|Type of paper:
|United States Law Court system Penal system Drug abuse
The case involves the indictment of Manuel Antonio Noriega by the United States on drug-related charges. Before the indictment, Noriega was the commander of the Panamanian Defense Forces (Curiam, 1990). A short while later, Eric Arturo Delvalle, Panama's president, formally discharged Noriega from his post, but Noriega did not accept the dismissal. Delvalle was then removed from power through Panama's legislature, but the United States still recognized Delvalle as the leader of Panama. The U.S later changed its recognition of the head of state from Delvalle to Guillermo Endara. Noriega declared war on the U.S in 1989, and this announcement was followed by armed conflict initiated by President George Bush (Curiam, 1990). The dispute arose when President Bush ordered that Noriega be captured to safeguard American citizens and face drug-related charges. Noriega was arrested and taken to an American district court where he was found guilty of eight counts. He was sentenced to three consecutive imprisonment terms of 20, 15, and five years. Noriega immediately appealed these convictions, and later appealed for a new trial based on newly obtained evidence. Both appeals are still in court (Curiam, 1990).
Facts of the Case
Noriega's appeal on his multiple convictions stemmed from his involvement in the trafficking of cocaine and the denial by the district court to grant him a new trial based on fresh evidence (Curiam, 1990). In opposing his convictions, Noriega stated that the district court should have dismissed all indictments against him because he was a head of state and because of how the U.S had brought him to justice. Among the errors, Noriega said the district court had made was the suppression of the government's pact with non-witnesses, and allegations that a group close to the non-witness had bribed a prosecution witness.
Position of Both Parties and Issue
In this case, the main issue was whether the indictments against Noriega should have been dismissed due to Noriega's status as the head of the state of Panama. Following his indictment, the District Court granted Noriega special counsel who argued that Noriega's indictment should be dropped because U.S laws could not be applied to a foreign leader whose allegations all occurred outside the U.S. (Curiam, 1990). Noriega’s counsel also argued that he was immune to prosecution because he was both a head of state and a diplomat. Also, the allegations against him concerning illegal narcotics had been adequately reviewed by the district court.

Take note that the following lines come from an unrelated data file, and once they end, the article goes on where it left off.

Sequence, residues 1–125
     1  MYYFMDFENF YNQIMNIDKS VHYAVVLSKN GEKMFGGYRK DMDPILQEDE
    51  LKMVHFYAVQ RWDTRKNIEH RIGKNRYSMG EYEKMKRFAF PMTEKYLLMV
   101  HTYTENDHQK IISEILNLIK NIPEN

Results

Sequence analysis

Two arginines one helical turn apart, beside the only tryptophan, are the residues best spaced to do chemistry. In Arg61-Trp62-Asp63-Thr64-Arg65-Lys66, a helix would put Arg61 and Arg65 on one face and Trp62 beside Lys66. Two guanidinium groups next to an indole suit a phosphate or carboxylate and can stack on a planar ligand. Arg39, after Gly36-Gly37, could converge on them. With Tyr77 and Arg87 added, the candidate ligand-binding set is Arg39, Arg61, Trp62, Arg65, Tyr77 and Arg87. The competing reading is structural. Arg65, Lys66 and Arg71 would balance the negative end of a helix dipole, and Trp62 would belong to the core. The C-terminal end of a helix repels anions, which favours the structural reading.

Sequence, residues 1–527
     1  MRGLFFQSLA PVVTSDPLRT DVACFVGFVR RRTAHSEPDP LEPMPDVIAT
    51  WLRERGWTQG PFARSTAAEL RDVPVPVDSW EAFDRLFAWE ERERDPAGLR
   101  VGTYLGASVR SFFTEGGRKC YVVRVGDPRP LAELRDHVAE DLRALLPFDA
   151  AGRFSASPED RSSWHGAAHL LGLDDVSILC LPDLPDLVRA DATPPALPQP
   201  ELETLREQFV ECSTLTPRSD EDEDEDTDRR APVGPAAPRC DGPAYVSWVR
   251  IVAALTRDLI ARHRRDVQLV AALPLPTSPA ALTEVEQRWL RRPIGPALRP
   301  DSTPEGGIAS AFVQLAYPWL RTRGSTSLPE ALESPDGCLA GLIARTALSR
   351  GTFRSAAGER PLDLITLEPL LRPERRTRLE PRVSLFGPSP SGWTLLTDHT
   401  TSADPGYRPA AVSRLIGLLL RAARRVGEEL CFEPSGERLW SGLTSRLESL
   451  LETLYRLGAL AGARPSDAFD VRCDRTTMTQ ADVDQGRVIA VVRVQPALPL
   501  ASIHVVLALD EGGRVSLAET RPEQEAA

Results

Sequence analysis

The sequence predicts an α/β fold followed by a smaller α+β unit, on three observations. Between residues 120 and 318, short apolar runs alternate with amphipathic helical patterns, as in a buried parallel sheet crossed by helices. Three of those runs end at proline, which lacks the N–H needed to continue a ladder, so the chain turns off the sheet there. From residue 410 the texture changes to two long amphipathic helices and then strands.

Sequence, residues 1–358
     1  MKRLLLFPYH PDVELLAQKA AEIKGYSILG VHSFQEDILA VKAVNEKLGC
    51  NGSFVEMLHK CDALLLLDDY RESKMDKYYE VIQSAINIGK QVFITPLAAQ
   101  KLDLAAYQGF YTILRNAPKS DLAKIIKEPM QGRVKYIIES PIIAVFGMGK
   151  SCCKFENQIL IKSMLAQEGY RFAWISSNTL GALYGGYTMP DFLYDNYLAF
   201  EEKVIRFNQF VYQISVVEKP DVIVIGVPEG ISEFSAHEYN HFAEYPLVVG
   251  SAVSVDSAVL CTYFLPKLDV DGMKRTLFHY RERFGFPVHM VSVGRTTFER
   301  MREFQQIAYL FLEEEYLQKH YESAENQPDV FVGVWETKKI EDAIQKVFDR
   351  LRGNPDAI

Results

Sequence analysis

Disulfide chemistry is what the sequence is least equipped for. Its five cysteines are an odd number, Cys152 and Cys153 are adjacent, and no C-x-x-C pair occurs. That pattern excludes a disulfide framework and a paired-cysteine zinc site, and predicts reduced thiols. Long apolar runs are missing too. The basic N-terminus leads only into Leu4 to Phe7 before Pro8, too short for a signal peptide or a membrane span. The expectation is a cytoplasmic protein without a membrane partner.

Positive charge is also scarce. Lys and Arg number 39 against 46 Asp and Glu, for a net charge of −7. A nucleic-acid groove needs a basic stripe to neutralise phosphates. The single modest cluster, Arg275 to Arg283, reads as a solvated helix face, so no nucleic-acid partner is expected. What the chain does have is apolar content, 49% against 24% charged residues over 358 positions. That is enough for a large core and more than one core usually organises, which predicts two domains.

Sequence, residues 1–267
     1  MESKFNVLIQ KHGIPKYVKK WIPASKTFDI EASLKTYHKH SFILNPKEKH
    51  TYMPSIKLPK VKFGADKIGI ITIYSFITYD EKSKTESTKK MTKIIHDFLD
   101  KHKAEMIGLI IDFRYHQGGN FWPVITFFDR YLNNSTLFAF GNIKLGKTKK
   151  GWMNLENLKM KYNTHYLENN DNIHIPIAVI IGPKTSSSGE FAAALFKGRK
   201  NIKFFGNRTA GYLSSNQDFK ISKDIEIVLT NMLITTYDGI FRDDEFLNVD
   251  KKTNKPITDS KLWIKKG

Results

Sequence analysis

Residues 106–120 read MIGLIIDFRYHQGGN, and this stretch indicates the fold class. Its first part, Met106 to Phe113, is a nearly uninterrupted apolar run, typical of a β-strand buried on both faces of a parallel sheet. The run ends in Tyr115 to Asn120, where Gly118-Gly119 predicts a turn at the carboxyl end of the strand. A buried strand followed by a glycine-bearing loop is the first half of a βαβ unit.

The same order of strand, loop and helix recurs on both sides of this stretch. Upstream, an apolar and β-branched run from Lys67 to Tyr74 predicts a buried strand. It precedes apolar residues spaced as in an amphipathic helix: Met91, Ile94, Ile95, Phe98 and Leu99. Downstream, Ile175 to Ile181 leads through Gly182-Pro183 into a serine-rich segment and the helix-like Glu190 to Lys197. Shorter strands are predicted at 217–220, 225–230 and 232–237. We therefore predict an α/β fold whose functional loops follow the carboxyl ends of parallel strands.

The district court rejected Noriega's motion first due to issues of the first impression. First, it was the first time that a de facto leader of a sovereign country had been forcibly brought before an American district court to face criminal charges. The fact that Noriega was captured during a military action further underscored the complexity of issues presented to the court. As for the district court's jurisdiction over the offense, the court reasoned that Noriega's activities in Panama had effects in the United States; thus, extra-judicial jurisdiction was appropriate as a matter of international law (Curiam, 1990).
Reasoning and Conclusion of the District Court
The district court rejected Noriega's motion that the indictments against him should have been dropped due to his status as head of state and how he was brought to justice by the United States government. The main reason for the rejection of his motion is because Noriega was denied head-of-state immunity by the court (Curiam, 1990). The district court also rejected Noriega’s motion that he was entitled to a new trial because he had discovered fresh evidence of the United States’ suppression of a pact with a non-witness and the allegation that a group close to the non-witness had bribed a prosecution witness.
Under the Geneva Convention III, Noriega is considered a prisoner of war. Therefore, he is entitled to the full range of rights under this treaty, and this treaty is fully incorporated in the United States justice law system. So long as he is reaping the full benefits of the Convention, Noriega can serve his sentence in a civilian prison designated by the Attorney General or the Bureau of Prisons. Whether these parties can provide Noriega with these rights in a maximum-security penitentiary setting is a question of who will determine his place and type of confinement. Those in charge of this responsibility must make sure they follow the guidelines of the Geneva III Convention.
Curiam: P. (1990, November 10). U.S. v. Noriega. Retrieved August 21, 2020, from https://casetext.com/case/us-v-noriega-20.
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